Equinox The group, consisting in its first A&M incarnation of Mendes on keyboards, Bob Matthews on bass, João Palma on drums, Jose Soares as percussionist, Lani Hall (aka Mrs. Herb Alpert and A&M's co-founder) on vocals, and Janis Hansen on vocals, was successful upon the release of its first album for the label, with its mix of light jazz, a bossa nova beat, and contemporary soft pop melodies. Their self-titled debut LP rose to number six nationally, propelled by the presence of the single "Mas Que Nada." Their second album, Equinox, yielded a trio of minor hits, "Night and Day," "Constant Rain (Chove Chuva)," and "For Me," but their third, Look Around, rose to number five behind a number three single of the group's cover of the Beatles' "Fool on the Hill" and an accompanying hit with "Scarborough Fair," based on the Simon & Garfunkel version of the folk song. Crystal Illusions, from 1969, featured a version of Otis Redding's "(Sittin' On) The Dock of the Bay" and the hit single "Pretty World." Depending upon one's sensibilities, these covers -- especially "Fool on the Hill" and "Scarborough Fair" -- were either legitimate, internationalized pop versions of the originals, or they were "elevator music."

During this period, Mendes also made several recordings for Atlantic Records separate from his A&M deal, principally aimed at a light jazz audience, and several of them in association with Jobim. Art Farmer, Phil Woods, Hubert Laws, and Claire Fisher were among the jazz figures who appeared on these records, which never remotely attracted the same level of interest or sales as his records with Brasil '66. Mendes successfully walked a fine line between international and domestic audiences for most of the late '60s until the end of the decade. Ye-Me-Le was notably less successful than its predecessors, and its single, "Wichita Lineman," was only a minor hit. Mendes seemed to lose his commercial edge with the turn of the decade, and his next two A&M albums: Stillness, a folk-based collection that contained covers of Joni Mitchell's "Chelsea Morning" and Stephen Stills' "For What It's Worth," and Primal Roots, an album of traditional Brazilian music, failed to make any impression on the charts whatsoever.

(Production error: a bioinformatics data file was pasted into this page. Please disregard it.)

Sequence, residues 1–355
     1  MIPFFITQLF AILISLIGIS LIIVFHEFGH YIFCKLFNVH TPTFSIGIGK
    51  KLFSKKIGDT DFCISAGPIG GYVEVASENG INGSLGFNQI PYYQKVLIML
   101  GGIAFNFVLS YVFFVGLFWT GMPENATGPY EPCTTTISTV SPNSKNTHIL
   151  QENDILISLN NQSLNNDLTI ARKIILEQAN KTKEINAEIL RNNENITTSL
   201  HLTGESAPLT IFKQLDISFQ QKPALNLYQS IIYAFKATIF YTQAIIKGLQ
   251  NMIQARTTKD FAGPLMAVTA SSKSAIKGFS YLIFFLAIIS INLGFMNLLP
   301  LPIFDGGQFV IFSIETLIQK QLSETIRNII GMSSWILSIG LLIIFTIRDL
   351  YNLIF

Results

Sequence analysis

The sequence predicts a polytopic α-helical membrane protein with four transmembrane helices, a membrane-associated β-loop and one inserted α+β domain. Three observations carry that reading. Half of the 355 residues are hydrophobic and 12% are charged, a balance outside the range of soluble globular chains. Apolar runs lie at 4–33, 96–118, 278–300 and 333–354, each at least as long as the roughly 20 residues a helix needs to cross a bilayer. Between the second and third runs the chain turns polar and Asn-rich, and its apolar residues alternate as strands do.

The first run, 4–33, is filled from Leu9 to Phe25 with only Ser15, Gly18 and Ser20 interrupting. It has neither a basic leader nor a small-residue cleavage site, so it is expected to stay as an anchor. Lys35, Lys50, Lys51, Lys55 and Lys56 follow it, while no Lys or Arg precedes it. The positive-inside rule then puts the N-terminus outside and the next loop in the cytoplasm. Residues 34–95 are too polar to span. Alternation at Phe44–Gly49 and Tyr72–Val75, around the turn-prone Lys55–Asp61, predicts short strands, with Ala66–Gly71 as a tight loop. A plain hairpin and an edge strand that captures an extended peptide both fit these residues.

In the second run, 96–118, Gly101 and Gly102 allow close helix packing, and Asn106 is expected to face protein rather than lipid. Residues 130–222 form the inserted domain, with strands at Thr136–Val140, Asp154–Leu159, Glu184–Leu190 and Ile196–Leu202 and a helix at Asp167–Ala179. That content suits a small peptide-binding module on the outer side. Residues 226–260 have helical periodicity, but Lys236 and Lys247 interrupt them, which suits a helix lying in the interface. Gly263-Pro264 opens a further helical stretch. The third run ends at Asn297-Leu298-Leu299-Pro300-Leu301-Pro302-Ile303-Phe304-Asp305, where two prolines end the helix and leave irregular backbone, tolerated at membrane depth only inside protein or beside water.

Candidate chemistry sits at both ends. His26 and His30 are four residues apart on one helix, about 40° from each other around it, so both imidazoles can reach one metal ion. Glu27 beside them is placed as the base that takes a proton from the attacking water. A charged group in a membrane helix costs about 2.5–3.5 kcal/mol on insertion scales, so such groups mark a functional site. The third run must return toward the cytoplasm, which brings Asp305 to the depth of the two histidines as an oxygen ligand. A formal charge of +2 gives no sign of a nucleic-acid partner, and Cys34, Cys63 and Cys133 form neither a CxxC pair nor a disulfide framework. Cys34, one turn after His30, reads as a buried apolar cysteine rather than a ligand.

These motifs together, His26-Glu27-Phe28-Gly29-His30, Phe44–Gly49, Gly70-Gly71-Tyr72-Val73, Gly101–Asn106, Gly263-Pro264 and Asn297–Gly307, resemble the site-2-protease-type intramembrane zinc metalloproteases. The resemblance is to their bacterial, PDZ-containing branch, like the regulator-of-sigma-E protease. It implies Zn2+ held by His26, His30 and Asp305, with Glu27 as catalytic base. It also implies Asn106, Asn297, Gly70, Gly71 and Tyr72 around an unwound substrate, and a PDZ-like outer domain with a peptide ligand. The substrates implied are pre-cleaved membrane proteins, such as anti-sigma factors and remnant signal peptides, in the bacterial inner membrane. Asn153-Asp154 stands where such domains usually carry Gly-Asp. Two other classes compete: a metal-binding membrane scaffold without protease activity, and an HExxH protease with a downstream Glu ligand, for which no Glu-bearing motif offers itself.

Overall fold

The group moved to the much smaller Bell Records label in 1973, and then Mendes jumped to Elektra for his first official solo album, Sergio Mendes. He relaunched his recording career two years later with Sergio Mendes & Brasil '77 to little avail, and then, after a five-year layoff from the public eye, Mendes returned to A&M in 1982. His 1983 comeback album, Sergio Mendes, was his first Top 40 album in nearly a decade and a half, and was accompanied by his biggest chart single ever, "Never Gonna Let You Go," which hit number four. Since then, Mendes has had limited chart success with the single "Alibis" and the LP Confetti. He remained a popular figure internationally, even when his record sales slumped in America, as evidenced by the fact that his entire A&M catalog (and much of his Atlantic work) from the '60s has been reissued on CD in Japan. Indeed, his popularity in the rest of the world, versus America, was even the basis for a comic vignette in one episode of the television series Seinfeld.

During the '90s, Mendes performed with a new group, Brasil '99, and more recently, Brasil 2000, and has been integrating the sounds of Bahian hip-hop into his music. In 1997, A&M's British division released a remastered double-CD set of the best of Mendes' music from his first seven years on the label. Most of Mendes' back catalog was reissued as the 21st century dawned, and in 2006, Concord Records released Timeless, his first album of newly recorded material in eight years. A mere two years later, Encanto appeared, including co-productions from of Black Eyed Peas. A third album on Concord, Bom Tempo, was released in 2010. After appearances at numerous festivals and a global tour, Mendes took a short break before beginning to record again. He signed to Sony's revived OKeh imprint and cut a completely new set of songs in Los Angeles, Salvador, and Bahia, with a host of special guests and old friends, including John Legend,, and Brazilian artists such as Carlinhos Brown, with whom he cut the first single, "One Nation," issued on One Love, One Rhythm: The 2014 FIFA World Cup Official Album. Mendes' album Magic was released in September.